We all know the taco. Nearly every Latin American culture enjoys a version of the traditional Mexican tortilla. Rather than limited to just a soft or crunchy shell, the same masa harina transforms into authentic tamales, arepas and corn cakes in kitchens from Belize to Panama. These meals appear on everyday dinner tables and contribute to festivals and holiday celebrations across much of the western hemisphere.
But if you’ve been using the same tortilla recipe year after year, then there’s one guest you forgot to invite to the party.
Meet the pupusa: El Salvador’s national dish. The thick corn flour tortilla can be filled with cheese, chicharrón (shredded seasoned pork), refried beans, or a combination of all three for pupusas revueltas. The pupusa dough itself is made from a simple masa harina, water, and salt mixture similar to tortillas. Curtido, a sauerkraut-like cabbage slaw, and salsa roja, a tomato sauce thinner than your average dip, work as flavor-boosting sidekicks when added on top. The keys to authentic Salvadoran pupusas are basic ingredients (like Maseca corn flour) and the hands-on process.
Pupusas are finger food through and through. Mix the masa harina by hand, break off one piece at a time to sculpt cheese-filled dough dishes, roll them into balls, pancake them out, then cook them on a cast iron skillet. Just as suited for tomorrow night’s dinner as for the crowded table of go-to party foods, they’re best when eaten warm and topped with a pinch of curtido and a pool of thin salsa.
We’ll focus on the dough and keep the fillings simple with fresh shredded mozzarella cheese. The dough requires a little extra care, from finding the soft consistency to letting it rest for a moment before using the palmear method to flatten out a stuffed pupusa. Basically, pupusa dough takes practice to make perfect, so we’ll walk you through each step.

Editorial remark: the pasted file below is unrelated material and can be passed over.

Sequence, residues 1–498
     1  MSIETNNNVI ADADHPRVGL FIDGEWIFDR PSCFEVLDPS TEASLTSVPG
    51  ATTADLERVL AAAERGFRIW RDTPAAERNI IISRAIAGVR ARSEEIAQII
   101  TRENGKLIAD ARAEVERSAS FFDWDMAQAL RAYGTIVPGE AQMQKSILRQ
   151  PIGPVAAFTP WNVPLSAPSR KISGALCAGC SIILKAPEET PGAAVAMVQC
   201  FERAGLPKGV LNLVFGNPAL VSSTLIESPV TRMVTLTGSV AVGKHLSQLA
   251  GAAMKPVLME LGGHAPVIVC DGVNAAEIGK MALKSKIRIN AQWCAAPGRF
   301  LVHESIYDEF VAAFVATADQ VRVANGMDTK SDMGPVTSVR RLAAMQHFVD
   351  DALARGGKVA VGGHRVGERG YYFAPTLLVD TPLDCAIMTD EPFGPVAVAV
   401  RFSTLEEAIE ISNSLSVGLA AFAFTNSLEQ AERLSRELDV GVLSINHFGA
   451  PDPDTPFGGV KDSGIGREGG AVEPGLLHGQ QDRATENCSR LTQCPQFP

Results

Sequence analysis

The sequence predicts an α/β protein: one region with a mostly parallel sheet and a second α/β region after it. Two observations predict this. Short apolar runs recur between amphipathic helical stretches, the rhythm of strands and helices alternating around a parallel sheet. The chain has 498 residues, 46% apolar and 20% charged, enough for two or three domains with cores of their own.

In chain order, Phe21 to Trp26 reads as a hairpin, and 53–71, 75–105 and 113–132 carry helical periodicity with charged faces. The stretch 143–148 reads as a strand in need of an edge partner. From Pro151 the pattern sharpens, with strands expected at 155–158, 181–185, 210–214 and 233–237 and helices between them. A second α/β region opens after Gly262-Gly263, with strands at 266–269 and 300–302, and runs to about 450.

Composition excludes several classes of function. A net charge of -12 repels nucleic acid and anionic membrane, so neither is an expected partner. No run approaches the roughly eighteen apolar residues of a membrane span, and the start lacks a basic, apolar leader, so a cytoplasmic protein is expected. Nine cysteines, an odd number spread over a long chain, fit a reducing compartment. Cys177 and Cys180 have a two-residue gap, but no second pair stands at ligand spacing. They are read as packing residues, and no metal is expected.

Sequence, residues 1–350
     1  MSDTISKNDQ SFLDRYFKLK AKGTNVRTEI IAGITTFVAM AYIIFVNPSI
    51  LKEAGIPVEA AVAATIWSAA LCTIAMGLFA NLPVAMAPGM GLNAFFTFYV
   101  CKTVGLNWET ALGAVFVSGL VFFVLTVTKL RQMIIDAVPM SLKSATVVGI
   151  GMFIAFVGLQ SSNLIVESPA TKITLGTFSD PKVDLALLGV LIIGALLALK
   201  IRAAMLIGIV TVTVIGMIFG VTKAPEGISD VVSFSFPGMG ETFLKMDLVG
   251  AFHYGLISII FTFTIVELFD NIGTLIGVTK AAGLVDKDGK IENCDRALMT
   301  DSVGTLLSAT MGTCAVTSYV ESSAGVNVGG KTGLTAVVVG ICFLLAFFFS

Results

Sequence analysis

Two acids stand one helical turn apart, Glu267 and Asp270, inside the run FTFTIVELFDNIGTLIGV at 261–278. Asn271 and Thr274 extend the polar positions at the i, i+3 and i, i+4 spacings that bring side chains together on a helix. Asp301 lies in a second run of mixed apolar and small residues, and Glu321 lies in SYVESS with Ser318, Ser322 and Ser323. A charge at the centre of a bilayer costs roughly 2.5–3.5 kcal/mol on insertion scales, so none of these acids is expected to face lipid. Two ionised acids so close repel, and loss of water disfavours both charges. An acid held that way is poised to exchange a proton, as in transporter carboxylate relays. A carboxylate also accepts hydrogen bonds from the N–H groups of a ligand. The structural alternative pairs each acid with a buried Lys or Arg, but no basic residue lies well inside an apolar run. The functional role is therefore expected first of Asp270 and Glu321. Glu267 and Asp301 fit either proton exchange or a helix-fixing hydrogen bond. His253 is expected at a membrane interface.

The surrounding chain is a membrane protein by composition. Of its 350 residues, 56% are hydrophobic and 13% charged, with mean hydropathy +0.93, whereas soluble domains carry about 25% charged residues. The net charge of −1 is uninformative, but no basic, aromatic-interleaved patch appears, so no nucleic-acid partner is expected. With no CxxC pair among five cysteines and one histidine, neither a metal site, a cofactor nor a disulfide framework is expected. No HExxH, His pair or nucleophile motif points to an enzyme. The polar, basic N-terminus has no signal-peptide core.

Step 1: Start with Maseca, a common grocery store-accessible masa harina.
Step 2: Combine Maseca corn flour with 1 ¾ cups warm water and salt. Mix the dough with your fingers until it comes together.
Step 3: The dough should feel soft and lightweight, like a non-sticky and pliable playdough. Temperature and humidity affect its moisture, so you may or may not need the extra water. If cracks form when you try to work the dough into a ball, add a tablespoon or two of warm water to the mix. If the dough sticks to the bowl when you try to break off a piece, add in an extra tablespoon or two of Maseca.
Step 4: Knead the dough for about a minute and cover it in a bowl with a damp towel at room temperature for 10-15 minutes. This allows the dough to both thicken and soften up.
Step 5: Then it’s time to get sculpting: Wet your hands and break off one ⅓-cup piece at a time. While you work one by one, keep the rest of the dough under the towel to prevent it from drying out. Gently roll the piece between your palms until you have a round ball.
Step 6: To form the initial pupusa, lightly flatten the ball using the palmear method (“to palm”). Use your fingers to press it from one hand to another until you have a ¼ inch-tall pancake-like disc. Dipping your finger tips in a water dish while patting it flat helps to seal dough and avoid clay-like cracks.
Step 7: Cup the disc in your hand, pushing the center of the pupusa down to create a shallow dish for cheese.
Step 8: Add about 2 tablespoons of shredded mozzarella to the indentation.
Step 9: Work the edges around the cheese into a round shape, swallowing up the fillings and sealing them inside. Bring the edges around the top of the cheese and pinch them closed like a dumpling.
Step 10: Gently roll the stuffed pupusa into a ball.
Step 11: Lightly oil your hands, then press the ball into a ½ inch- tall, 5-inch in diameter circle. Work gently so the hidden cheese filling doesn’t break through.
Step 12: Preheat a cast iron pan over medium heat for 10 minutes and lightly grease by rubbing it with a paper towel dipped in vegetable oil. Using your fingers, rub a touch of vegetable oil on each side of the pupusa to keep it from drying out. Cook for 6-7 minutes on each side until they are light brown with darker, charred “sun spots.”
Step 13: Top pupusas with homemade salsa and curtido.
You’ll want to dig in while they’re warm.